I had seen Brooke support Bill Ryder-Jones last year, and he produced this album (the boy has taste is all I can say) and knew she had a stunning voice, taking the chance to hear her in an intimate space was one I wanted to take. Big Jeff was there and it was really good to see him, cheers for listening mate, it helped a lot. We all need to be heard and understood and if anyone understands my love of music, it is Jeff!

Brooke sounded amazing, Rough Trade have invested in their sound system and it pays off. Thank you. I recognised Perform for You and Blue Light from when I had heard them before, they sounded even better this time. The yearning, high notes of the later are shiver inducing.

Of course I bought a copy of the album. It is fab. I suggest you also get a copy. Brooke is touring soon, go see her.

Beautiful – The Carole King musical, Hippodrome, Bristol

Thursday 27th February, 2020

Ok, so not strictly speaking a gig. Or a concert. And there was speaking between the songs. But. It is a jukebox musical and the songs do most of the talking and the subject is one of the greatest songwriters of the last century, so it is getting a write up.

The actress playing Carole was the alternate and if I have any complaints about her winning performance is that she was too good a singer! I adore Carole King, and secretly prefer her version of Natural Woman to Aretha (don’t @ me), but it is not the quality of voice that she is revered for. I love her slightly not in the right key/tune, raspy, nasally voice and to capture it must be very hard indeed. It was just too polished a voice for me. It was, however, a charming and winsome performance that interpreted rather than impersonated, no mean feat.

I was the youngest person in the theatre by miles. Everyone else there was probably around at the time! I came to Carole King via the Shirelles, via a Radio 1 documentary about girl groups in the early 90’s when I was a teenager and instantly fell in love with both. I was gifted a copy of Tapestry not long after and that was it, a lifelong love affair with the deceptive simplicity of pop and female voices was born.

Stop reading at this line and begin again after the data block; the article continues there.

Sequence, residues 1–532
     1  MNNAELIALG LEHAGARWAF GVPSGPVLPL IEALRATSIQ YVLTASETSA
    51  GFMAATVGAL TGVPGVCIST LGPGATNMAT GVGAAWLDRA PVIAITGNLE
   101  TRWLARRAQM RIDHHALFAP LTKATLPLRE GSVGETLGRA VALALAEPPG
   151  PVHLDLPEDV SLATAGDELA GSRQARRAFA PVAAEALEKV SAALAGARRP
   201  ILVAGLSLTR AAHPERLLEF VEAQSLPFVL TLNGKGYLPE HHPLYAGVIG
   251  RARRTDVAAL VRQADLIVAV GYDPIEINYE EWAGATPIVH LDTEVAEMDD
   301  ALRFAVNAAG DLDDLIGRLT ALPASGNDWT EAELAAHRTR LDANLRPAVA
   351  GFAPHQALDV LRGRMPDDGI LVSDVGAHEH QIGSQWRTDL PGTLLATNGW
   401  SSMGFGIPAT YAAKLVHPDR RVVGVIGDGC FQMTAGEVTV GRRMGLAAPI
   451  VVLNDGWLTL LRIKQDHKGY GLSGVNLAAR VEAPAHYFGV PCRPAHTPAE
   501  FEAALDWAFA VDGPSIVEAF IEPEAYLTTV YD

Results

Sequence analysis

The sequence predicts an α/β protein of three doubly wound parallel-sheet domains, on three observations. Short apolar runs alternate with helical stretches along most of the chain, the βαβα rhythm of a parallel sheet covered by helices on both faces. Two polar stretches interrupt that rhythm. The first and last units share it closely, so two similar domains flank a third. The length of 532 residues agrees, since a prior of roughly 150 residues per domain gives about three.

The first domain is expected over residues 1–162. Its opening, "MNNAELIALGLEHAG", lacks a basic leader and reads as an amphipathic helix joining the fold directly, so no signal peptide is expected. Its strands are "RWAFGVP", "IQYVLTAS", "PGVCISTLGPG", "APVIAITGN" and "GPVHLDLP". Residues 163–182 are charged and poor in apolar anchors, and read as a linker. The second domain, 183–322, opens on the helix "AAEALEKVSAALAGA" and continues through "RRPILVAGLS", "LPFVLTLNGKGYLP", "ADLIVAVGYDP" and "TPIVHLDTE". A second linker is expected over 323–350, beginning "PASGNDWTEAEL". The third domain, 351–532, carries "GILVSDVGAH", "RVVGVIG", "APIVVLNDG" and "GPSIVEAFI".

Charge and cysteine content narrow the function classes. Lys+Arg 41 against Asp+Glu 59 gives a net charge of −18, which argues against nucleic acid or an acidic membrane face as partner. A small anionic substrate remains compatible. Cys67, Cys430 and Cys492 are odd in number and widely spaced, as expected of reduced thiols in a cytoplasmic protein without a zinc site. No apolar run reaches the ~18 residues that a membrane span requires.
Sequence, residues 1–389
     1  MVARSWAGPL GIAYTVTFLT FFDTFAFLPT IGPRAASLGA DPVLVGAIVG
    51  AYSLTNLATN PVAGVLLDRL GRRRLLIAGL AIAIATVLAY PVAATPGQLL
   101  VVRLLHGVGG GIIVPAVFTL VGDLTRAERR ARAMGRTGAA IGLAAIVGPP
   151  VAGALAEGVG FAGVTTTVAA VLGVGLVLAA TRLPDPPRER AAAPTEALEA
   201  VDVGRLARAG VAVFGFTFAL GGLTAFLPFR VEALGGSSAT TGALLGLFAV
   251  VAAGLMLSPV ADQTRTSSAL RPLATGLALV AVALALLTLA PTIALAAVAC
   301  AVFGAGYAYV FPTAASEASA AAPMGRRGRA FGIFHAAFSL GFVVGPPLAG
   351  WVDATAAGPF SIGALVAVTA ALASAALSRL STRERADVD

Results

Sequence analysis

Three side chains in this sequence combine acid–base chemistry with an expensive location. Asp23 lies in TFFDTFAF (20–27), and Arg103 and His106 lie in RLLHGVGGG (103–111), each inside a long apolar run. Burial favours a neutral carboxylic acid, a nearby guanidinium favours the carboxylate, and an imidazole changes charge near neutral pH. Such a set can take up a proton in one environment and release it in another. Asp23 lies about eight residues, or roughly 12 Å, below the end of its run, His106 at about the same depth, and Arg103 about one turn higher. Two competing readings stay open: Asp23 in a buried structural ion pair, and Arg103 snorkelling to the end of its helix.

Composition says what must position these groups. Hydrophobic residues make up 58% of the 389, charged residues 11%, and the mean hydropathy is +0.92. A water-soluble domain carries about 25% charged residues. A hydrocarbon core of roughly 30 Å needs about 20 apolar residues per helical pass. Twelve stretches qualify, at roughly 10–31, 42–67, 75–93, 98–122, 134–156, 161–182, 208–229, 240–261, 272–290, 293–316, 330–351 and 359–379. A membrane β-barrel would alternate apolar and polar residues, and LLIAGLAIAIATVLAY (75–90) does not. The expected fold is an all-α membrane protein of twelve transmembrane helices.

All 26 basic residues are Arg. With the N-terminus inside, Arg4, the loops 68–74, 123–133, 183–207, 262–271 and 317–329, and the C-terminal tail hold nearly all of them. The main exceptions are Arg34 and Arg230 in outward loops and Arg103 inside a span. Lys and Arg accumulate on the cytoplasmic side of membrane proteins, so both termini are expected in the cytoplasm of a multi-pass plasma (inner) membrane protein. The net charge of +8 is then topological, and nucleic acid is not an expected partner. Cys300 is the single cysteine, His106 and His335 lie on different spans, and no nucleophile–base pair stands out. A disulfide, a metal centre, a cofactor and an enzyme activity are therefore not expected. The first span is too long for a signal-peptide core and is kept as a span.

Beautiful is as much the story of Cynthia Weil and Barry Mann as it is Carole King and Gerry Goffin, rightly giving all four of them the credit for some of the best and most memorable songs of all time. The story of King’s life is a pretty remarkable one and deserving of the story all by itself and for an alternative take (if you can track a copy down) The Grace of My Heart (a wonderful and underrated film by Alison Anders), which was loosely based on Carole’s life is well worth a watch. However, the hanging of the tale around the magnificent songs was probably the only way it could be done on stage. The ensemble cast rotate through so many costumes it becomes dizzying and capture the flavour of each of the groups and the changing times so well.

Even as someone who is a fan of the era and songwriters, there were still songs I had forgotten were written by one or other of the pairings. There are simply so many of them! Every one brilliant. Despite the societal changes and advances we have made, I am sure that there are many, many women for whom Will You Still Love Me Tomorrow? makes an awful lot of sense. We may have reliable contraception and abortion mitigating the risks, but the lies, the lead on’s, the promises remain the same don’t they?

Natural Woman and You’ve Got a Friend remain as beautiful as they ever were; great songs like these are timeless. They sounded wonderful and I left the theatre with a huge smile of my face, having had an enjoyable evening hearing music I’ve always loved but never thought I would hear live.

Beautiful may be sweet and full of old songs, but it none the worse for it, in my book. I loved it.